“We would like to express again our deep sorrow at the sixteen lives lost in 2009. We owe it to their memories, and to the 160,000 men and women we carry every year, to continue to deliver the highest standards of safety in everything we do.”

The crash

It was a routine flight, one which is done on numerous occasions each day to ferry workers to and from the North Sea oil fields. The weather was clear and sunny and the sea was calm. On board was the pilot, Paul Burnham. He was 31 years of age. He was assisted by his co-pilot, Richard Menzies. He was 24. They were responsible for the 14 passengers on board. They all worked on the platform. The youngest, James Costello, was 24; the oldest, David Rae, was 63. All, bar three, lived in Aberdeen or elsewhere in Scotland. Two, James Edwards and Nolan Goble, lived in England. One, Mihails Zuravskis, came from Riga in Latvia.

At 1.54 pm,Menzies contacted Air Traffic Control at Aberdeen Airport to advise that they expected to arrive there in 20 minutes. Six seconds later, a warning appeared on the helicopter’s flight deck indicating low oil pressure in the main gearbox. This was immediately followed by a grinding noise which lasted for four seconds. It was accompanied by a sudden increase in airspeed from 140 to 170 knots and a sudden increase in pressure altitude. Six seconds later, Burnham issued a mayday call, which was followed by a further one five seconds later by Menzies.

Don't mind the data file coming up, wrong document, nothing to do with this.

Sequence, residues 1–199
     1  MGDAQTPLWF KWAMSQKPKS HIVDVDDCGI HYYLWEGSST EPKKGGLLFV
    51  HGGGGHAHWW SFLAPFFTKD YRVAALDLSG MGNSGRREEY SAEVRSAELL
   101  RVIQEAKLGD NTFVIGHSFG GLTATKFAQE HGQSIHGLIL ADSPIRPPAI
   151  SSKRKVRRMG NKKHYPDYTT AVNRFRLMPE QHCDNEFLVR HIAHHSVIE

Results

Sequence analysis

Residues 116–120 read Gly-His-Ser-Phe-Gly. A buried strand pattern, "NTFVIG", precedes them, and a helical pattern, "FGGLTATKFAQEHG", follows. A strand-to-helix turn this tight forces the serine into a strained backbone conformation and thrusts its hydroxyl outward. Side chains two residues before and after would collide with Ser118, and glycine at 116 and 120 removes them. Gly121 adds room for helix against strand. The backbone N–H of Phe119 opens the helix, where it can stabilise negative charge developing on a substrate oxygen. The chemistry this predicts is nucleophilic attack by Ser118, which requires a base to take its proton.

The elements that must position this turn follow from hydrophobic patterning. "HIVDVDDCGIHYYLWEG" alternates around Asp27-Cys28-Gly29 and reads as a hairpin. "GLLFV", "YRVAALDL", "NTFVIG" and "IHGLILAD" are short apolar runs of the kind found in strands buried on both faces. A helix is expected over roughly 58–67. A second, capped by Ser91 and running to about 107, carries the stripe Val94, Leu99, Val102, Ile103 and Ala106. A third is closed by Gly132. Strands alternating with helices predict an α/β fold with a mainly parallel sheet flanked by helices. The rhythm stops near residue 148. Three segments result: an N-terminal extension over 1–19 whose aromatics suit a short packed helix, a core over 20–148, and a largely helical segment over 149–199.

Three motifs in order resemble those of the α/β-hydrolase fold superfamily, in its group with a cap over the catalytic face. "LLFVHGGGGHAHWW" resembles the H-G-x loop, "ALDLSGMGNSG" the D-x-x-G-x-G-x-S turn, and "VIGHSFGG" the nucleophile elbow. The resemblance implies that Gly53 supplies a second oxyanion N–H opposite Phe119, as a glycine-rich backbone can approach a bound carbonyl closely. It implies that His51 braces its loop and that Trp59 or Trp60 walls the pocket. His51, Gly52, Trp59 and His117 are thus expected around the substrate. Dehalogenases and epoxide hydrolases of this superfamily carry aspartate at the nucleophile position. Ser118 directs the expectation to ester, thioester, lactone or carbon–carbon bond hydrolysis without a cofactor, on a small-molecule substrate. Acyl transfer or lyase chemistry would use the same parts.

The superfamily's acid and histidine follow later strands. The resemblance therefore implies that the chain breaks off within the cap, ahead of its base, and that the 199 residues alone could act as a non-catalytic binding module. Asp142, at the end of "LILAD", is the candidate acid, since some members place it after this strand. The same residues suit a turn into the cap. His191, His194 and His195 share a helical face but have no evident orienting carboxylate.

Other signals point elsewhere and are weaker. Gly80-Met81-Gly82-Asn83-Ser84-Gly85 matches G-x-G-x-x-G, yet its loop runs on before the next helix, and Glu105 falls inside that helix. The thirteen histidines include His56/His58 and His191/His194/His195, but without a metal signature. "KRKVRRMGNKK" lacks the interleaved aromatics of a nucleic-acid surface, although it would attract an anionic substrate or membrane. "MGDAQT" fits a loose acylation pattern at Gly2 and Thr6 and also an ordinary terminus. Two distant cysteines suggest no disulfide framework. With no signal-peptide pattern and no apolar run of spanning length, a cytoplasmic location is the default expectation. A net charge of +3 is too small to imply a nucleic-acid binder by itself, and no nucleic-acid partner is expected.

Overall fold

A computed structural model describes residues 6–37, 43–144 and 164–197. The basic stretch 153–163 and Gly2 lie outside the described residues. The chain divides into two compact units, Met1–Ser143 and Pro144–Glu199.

The grinding noise which the pilots had heard was the beginning of the break-up of the main gearbox which was attached to the main rotor. Twenty seconds after the appearance of the oil warning light the main rotor broke away and then severed the tail boom in a series of strikes. The fuselage began a rapid descent into the sea.

At that time, Lidvar Hildre, a ship’s mechanic on a platform supply ship, the Normand Aurora, was painting a cargo rail. As he looked out on the starboard side he suddenly saw, about two nautical miles away, a helicopter falling into the sea. There was a large splash followed by a bang and white smoke. He then saw four rotor blades all attached together falling out of the sky and hitting the sea close to where the helicopter was. Captain Arne Lystad immediately gave the order to launch the fast rescue boat, as the ship itself turned to go full speed to the crash site. By this time, Her Majesty’s Coastguard had launched a major search and rescue operation which involved five aircraft, including helicopters and an RAF Nimrod. Ten vessels responded to a request to assist in the search.

No survivors were found.  By 6 April, all the bodies and the remains of the helicopter had been recovered and taken to Aberdeen.

The victims were Captain Paul Burnham, 31, of Methlick, Aberdeenshire, and co-pilot Richard Menzies, 24, of Droitwich Spa, who worked for Bond Offshore Helicopters.

The KCA Deutag employees killed were Brian Barkley, 30, of Aberdeen; Vernon Elrick, 41, of Aberdeen; Leslie Taylor, 41, of Kintore, Aberdeenshire; Nairn Ferrier, 40, of Dundee; Gareth Hughes, 53, of Angus; David Rae, 63, of Dumfries; Raymond Doyle, 57, of Cumbernauld; James John Edwards, 33, of Liverpool; Mihails Zuravskis, 39, from Latvia; and Nolan Carl Goble, 34, of Norwich.

The other named victims were James Costello, 24, of Aberdeen, who was contracted to Production Services Network (PSN); Alex Dallas, 62, of Aberdeen, who worked for Sparrows Offshore Services; Warren Mitchell, 38, of Oldmeldrum, Aberdeenshire, who worked for Weatherford UK; and Stuart Wood, 27, of Aberdeen, who worked for Expro North Sea Ltd.

 

Offshore Energy Today Staff, March 13, 2014